March 15th, 2013
Rinko Kawauchi: My Favorite Color Is Blue
Rinko Kawauchi in conversation with Martin Parr
Rinko Kawauchi‘s photographs are set apart by their remarkable consistency. Nuanced but never repetitive, each frame seems to capture the same frail, effervescent color palette, each, in her typical manner, flooded with light. It’s her attitude toward the photograph and the subject, however, not necessarily the technique that stays the same.
In the clip above, Kawauchi is in conversation with Magnum photojournalist Martin Parr, who has his own longstanding relationship with Aperture: he wrote on the work of Rimaldas Vikšraitis in Aperture #204, and published Life’s a Beach with Aperture in spring 2013. Kawauchi discusses the first transition she made from her usual Rolleiflex film camera to digital when a certain subject called for it. The results were stunning, though not unexpected. She says she hopes in the future to use both formats together, unifying the work by a consistent approach—not necessarily a conscious one, though, as she suggested in an interview for Kopenhagen. “Whenever I’m taking pictures,” she says in the video, “I need to discover something. I want an impression from the object.”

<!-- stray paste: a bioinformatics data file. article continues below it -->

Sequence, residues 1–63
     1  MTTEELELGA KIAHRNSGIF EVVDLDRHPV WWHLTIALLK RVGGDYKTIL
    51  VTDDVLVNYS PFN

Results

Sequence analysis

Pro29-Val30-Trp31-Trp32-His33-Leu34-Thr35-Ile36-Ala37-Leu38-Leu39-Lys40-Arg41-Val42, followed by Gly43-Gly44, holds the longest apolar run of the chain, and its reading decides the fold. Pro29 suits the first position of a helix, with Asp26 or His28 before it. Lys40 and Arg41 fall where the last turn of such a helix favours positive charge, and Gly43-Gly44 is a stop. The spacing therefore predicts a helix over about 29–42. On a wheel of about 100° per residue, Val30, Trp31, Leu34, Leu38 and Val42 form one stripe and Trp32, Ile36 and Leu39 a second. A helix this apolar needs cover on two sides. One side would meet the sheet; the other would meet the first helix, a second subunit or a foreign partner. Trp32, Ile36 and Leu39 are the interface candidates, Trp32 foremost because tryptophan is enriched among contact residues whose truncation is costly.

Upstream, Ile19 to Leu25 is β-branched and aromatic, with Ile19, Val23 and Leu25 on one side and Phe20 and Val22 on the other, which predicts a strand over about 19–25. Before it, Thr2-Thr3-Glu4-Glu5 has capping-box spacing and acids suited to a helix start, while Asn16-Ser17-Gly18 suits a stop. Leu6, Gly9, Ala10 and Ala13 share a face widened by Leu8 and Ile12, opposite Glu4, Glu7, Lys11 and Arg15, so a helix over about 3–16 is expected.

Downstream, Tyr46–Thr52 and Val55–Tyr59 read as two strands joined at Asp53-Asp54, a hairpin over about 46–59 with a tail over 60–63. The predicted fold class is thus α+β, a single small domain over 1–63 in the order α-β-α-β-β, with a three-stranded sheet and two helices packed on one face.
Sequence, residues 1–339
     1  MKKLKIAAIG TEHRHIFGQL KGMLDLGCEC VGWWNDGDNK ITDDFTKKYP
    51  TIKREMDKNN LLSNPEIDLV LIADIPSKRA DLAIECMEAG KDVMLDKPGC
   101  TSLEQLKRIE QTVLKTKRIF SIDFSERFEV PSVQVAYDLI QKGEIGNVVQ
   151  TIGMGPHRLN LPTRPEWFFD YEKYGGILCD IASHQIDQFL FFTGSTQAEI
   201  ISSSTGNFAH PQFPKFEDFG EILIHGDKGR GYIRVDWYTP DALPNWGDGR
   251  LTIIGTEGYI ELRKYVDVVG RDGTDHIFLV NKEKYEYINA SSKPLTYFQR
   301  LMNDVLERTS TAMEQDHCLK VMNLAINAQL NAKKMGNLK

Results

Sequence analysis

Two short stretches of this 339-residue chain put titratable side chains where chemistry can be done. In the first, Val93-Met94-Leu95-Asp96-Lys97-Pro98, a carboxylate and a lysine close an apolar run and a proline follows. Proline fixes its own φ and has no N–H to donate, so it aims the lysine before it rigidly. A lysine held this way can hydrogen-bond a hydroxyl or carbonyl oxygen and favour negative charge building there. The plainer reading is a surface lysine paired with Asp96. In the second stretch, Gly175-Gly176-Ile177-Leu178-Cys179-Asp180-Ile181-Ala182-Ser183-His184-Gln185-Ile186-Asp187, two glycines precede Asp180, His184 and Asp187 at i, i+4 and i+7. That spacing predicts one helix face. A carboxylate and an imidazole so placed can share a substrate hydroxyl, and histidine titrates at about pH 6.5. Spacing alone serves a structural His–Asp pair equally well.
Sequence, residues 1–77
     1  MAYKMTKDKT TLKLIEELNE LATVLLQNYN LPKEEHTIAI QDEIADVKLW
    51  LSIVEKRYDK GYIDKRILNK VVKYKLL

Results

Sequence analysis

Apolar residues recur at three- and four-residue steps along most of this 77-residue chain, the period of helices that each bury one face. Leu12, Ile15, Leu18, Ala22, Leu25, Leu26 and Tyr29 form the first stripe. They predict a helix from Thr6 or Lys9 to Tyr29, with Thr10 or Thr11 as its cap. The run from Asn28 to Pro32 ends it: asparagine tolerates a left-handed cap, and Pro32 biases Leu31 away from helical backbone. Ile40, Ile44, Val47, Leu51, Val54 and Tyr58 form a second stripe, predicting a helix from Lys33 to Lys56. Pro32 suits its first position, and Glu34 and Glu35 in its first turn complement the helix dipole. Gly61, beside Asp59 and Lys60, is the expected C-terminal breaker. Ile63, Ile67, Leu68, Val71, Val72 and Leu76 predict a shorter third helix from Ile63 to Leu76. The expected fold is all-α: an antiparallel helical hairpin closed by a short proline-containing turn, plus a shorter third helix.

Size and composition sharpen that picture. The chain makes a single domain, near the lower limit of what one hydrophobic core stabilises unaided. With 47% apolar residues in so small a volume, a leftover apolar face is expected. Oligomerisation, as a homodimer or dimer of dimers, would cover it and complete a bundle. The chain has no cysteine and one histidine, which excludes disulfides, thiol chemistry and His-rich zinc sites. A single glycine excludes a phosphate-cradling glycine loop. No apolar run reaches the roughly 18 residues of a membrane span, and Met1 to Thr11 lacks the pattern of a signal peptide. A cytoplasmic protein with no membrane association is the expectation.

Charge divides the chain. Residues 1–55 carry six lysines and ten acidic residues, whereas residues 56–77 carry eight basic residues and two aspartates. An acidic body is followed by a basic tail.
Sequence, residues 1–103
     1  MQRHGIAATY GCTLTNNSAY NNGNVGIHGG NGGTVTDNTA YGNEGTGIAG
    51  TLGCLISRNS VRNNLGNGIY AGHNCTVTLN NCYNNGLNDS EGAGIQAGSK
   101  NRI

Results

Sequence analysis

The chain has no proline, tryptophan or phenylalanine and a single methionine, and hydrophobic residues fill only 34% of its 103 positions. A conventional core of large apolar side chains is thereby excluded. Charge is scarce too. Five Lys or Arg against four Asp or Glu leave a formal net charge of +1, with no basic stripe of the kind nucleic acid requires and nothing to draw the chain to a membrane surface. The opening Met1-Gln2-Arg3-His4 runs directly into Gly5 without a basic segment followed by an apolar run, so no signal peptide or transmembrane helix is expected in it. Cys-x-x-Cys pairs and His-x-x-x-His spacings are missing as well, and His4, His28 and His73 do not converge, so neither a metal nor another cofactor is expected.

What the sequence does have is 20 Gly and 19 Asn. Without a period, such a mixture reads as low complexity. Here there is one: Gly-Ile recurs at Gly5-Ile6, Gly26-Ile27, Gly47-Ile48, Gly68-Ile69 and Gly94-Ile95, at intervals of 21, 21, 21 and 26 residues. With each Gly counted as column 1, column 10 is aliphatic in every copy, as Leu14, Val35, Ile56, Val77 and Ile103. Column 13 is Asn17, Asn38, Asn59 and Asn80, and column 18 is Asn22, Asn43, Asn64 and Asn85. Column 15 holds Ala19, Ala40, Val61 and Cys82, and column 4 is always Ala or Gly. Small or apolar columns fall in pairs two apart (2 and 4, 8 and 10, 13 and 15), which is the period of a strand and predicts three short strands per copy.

Kawauchi, who was nominated for the 2012 Deutsche Börse Photography Prize, first came to prominence in 2001 when she published three photobooks—Utatane, Hanabi, and Hanako—simultaneously during a time when she was still pursuing commercial work. Her acclaim rose rapidly as she went on to put together over a dozen monographs, including Illuminance, published by Aperture in spring 2011, and most recently Ametsuchi, published by Aperture in spring 2013.